• granodiorite;
  • isotopic compositions;
  • Yangla copper deposit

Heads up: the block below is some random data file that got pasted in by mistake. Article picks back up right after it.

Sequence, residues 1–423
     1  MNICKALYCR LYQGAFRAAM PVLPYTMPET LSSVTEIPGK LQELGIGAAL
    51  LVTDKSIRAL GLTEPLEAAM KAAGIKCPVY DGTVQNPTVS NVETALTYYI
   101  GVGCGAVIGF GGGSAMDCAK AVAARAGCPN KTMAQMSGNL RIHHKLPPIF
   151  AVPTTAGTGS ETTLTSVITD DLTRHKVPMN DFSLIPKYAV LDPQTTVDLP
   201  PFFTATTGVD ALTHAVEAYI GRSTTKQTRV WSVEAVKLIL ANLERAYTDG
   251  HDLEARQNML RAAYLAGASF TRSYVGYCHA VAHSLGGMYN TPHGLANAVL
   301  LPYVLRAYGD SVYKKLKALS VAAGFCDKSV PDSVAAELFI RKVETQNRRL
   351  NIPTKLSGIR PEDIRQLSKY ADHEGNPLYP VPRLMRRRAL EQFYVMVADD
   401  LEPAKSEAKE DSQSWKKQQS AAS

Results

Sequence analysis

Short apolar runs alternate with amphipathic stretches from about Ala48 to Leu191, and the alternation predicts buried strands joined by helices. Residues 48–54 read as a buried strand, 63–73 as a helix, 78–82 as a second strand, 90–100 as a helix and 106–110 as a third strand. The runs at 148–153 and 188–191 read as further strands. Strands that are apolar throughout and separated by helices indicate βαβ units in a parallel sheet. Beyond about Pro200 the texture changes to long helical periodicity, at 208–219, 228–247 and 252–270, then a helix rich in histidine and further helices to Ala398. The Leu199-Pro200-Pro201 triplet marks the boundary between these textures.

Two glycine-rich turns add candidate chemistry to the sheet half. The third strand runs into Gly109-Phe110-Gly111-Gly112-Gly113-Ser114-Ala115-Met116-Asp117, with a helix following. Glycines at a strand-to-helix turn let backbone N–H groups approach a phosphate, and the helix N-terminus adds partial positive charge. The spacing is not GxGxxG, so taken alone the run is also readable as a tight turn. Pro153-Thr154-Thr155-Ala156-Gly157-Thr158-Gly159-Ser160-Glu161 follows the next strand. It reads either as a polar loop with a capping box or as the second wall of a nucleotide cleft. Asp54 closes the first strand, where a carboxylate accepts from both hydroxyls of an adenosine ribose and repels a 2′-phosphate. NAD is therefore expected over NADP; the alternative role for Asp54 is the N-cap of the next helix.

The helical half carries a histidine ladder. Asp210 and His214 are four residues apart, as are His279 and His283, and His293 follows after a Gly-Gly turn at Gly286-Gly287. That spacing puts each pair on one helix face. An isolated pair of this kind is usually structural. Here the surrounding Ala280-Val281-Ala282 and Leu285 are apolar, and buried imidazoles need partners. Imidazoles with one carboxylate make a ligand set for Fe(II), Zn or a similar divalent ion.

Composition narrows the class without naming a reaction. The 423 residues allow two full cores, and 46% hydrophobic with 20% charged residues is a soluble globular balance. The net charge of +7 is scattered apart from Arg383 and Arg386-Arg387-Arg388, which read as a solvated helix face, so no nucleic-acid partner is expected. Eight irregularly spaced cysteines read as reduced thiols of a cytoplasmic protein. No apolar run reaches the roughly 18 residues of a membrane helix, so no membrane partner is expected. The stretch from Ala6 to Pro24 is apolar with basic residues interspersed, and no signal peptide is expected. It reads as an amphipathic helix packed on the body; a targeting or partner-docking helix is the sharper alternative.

The Yangla copper deposit, located in western Yunnan Province, China, is a typical giant, newly started mining copper deposit with an estimated Cu reserves of about 1,200,000 tons. The deposit is spatially and temporally associated with the Linong granodiorite, which is rich in SiO2 (SiO2=58.25 wt%–69.84 wt%) and alkalis (Na2O+K2O=5.98 wt%–8.34 wt%), indicating an association with shoshonitic series to high-K calc-alkaline series granites, and shows low contents of TiO2 (0.35 wt%–0.48 wt%), MgO (1.51 wt%–1.72 wt%), and Al2O3 (13.38 wt%–19.75 wt%). The δ34S values of sulfides of the main ore stage from copper ores vary range from −4.2‰ to −0.9‰, indicating a much greater contribution from the mantle to the ore-forming fluids. The δ34S values of the late ore stage is −9.8‰, indicating enrichment of biogenic sulfur which may derive from the crustal hydrothermal fluid. The 208pb/204pbj 207pb/204pb and 206pb/204pb of sulfides of the main ore stage from copper ores range within 38.66–38.73, 15.71–15.74 and 18.35–19.04, respectively, implying that the Pb was derived from the mantle, with the crustal component, probably representing mixtures of mantle lead and crustal lead. Sulfide of the late ore stage in their Pb isotopic composition, 208Pb/204Pb= 38.69, 207Pb/204Pb=15.70, 206Pb/204Pb=18.35, implying that the Pb was derived from the crust. The Linong granodiorite is syncollisional, produced by partial melting of thickened lower crust, which was triggered by the westward subduction of the Jinshajiang Oceanic plate. During a transition in geodynamic setting from collision-related compression to extension, gently dipping ductile shear zones (related to subduction) were transformed to brittle shear zones, consisting of a series of thrust faults in the Jinshajiang tectonic belt. The tensional thrust faults would have been a favorable environment for ore-forming fluids. The ascending magma provided a channel for the ore-forming fluid from the mantle wedge. After the magma arrived at the base of the early-stage Linong granodiorite, the platy granodiorite at the base of the body would have shielded the late-stage magma from the fluid. The magma would have cooled slowly, and some of the ore-forming fluid in the magma would have entered the gently dipping thrust faults near the Linong granodiorite, resulting in mineralization.